He studied medicine at the Universidad Pedro Henríquez Ureña, but transferred to the Universidad Autónoma de Santo Domingo to take up psychology, according to his cousin, Panchy Cantisano. He never graduated, Ms. Cantisano said, because he had decided he was going to be a musician.
His first song, “La Casita,” was released in 1972.
Soon after, he joined Mr. Vargas, who was his neighbor in Santiago de los Caballeros and a trailblazing merenguero, and his band, Los Beduinos. Mr. Víctor also took part in the movement opposed to the Dominican dictator Rafael Trujillo, and he began to write protest songs. As a young man he traveled the country as part of youth groups protesting the government while receiving an education in local rhythms.
In 1987, he began producing records for many Dominican musicians, including Mr. Guerra, Los Hermanos Rosario and Sergio Vargas. It was a natural progression from being a songwriter, his son said, and he knew most of the talent in the country.
“He lived a double life,” Ian Víctor said. “He was writing romantic songs and being an artist, but he was also part of the underground political movement.”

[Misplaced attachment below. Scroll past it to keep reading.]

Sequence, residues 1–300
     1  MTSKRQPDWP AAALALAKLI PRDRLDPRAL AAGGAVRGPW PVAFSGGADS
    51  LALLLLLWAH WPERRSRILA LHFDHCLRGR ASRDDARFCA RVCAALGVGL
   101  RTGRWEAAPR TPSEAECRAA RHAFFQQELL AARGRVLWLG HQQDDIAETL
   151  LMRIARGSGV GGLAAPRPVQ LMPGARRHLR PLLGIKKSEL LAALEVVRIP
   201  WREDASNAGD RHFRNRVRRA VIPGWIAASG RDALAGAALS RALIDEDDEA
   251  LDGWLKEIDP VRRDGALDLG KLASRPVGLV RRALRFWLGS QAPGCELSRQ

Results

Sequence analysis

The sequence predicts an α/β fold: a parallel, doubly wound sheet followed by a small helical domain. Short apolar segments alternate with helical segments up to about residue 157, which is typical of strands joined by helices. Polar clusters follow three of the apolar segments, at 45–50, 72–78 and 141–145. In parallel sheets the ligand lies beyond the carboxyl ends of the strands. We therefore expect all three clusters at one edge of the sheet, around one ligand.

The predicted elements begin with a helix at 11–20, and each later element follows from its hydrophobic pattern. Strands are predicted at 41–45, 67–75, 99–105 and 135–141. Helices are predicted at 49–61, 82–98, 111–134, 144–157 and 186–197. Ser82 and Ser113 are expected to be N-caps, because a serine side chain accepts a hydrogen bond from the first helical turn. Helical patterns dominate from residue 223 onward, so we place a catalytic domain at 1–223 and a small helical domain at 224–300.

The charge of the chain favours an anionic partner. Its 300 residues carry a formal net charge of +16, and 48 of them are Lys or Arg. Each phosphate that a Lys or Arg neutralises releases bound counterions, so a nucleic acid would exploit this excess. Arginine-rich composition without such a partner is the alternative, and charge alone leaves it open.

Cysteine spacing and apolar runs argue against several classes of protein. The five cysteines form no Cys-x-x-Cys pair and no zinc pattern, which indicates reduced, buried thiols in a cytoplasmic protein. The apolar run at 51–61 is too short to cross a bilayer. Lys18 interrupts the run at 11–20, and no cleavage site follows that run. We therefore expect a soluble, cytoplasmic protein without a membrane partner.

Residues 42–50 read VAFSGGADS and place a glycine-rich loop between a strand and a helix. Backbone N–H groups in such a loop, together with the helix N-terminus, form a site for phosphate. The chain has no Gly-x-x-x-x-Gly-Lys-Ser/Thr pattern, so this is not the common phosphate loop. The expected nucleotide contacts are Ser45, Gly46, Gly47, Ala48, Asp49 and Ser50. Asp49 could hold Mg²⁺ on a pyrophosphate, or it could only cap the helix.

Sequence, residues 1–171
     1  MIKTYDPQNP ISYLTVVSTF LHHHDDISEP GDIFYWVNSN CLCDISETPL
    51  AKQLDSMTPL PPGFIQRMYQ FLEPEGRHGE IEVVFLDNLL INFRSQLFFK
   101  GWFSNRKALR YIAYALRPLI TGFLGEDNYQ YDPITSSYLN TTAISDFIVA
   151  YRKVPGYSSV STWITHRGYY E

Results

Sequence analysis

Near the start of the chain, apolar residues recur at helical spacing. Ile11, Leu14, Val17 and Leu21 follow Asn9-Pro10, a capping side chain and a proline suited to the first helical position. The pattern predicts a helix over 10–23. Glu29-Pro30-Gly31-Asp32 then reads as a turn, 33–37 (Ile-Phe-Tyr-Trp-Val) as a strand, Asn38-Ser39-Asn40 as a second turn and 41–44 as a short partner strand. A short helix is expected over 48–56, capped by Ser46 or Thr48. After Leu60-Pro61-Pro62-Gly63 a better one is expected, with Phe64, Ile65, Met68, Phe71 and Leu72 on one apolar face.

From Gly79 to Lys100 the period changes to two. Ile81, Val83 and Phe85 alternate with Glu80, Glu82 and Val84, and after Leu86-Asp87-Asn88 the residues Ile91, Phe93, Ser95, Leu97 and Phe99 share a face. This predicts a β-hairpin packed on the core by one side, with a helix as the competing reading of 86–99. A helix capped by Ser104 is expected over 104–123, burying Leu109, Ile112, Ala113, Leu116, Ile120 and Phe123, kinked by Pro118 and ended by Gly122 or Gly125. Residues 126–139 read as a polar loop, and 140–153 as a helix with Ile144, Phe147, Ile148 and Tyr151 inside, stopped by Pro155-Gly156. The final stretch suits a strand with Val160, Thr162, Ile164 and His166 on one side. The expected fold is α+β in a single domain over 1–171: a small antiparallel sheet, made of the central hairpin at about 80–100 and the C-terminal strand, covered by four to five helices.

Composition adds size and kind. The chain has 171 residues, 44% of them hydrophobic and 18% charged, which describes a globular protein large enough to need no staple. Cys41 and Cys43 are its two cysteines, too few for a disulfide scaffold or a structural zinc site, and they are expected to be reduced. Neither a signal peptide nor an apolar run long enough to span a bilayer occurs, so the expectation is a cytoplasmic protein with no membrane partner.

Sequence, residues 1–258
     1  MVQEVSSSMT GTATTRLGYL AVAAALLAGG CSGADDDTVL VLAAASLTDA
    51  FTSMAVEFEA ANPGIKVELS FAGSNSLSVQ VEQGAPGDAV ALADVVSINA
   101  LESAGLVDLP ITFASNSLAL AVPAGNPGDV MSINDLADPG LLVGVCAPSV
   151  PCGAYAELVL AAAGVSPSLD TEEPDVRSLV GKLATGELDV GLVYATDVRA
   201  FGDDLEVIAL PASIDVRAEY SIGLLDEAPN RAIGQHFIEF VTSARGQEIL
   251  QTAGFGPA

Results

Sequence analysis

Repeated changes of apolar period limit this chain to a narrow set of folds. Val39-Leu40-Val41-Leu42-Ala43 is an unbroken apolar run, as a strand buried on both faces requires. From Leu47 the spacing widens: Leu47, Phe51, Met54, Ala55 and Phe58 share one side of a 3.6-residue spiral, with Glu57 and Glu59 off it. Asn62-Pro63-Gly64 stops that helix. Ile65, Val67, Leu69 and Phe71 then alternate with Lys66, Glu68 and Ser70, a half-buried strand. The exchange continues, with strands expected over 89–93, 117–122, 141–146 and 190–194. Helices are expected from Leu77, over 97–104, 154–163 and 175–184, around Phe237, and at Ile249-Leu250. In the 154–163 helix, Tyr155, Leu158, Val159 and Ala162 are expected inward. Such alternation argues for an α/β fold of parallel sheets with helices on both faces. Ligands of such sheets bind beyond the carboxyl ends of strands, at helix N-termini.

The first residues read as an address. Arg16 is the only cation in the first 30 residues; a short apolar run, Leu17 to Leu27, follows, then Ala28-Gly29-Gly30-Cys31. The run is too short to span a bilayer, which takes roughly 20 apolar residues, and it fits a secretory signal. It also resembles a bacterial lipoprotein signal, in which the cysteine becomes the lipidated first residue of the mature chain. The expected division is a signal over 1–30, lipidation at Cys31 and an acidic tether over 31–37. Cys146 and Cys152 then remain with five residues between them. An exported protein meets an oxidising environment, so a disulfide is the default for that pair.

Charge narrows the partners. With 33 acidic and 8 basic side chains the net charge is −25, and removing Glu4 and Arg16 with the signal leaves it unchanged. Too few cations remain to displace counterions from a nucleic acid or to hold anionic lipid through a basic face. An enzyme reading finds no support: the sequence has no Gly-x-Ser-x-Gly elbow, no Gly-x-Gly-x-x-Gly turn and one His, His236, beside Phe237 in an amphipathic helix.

He had a third musical life as well: writing jingles for advertising agencies. He worked on campaigns for companies like Brugal and Barcelo, the main rum companies in the Dominican Republic.
For the last four years Mr. Víctor ran programs that provided free theater, dance and music lessons in poor neighborhoods.
“They already have musicians that have gone into the professional level,” Ian Víctor said.
In addition to his son, Mr. Víctor is survived by his wife, Zobeyda Ferreras de Víctor; a daughter, Amy; four grandchildren; a brother, Jorge Alfredo; and a sister, Vilma.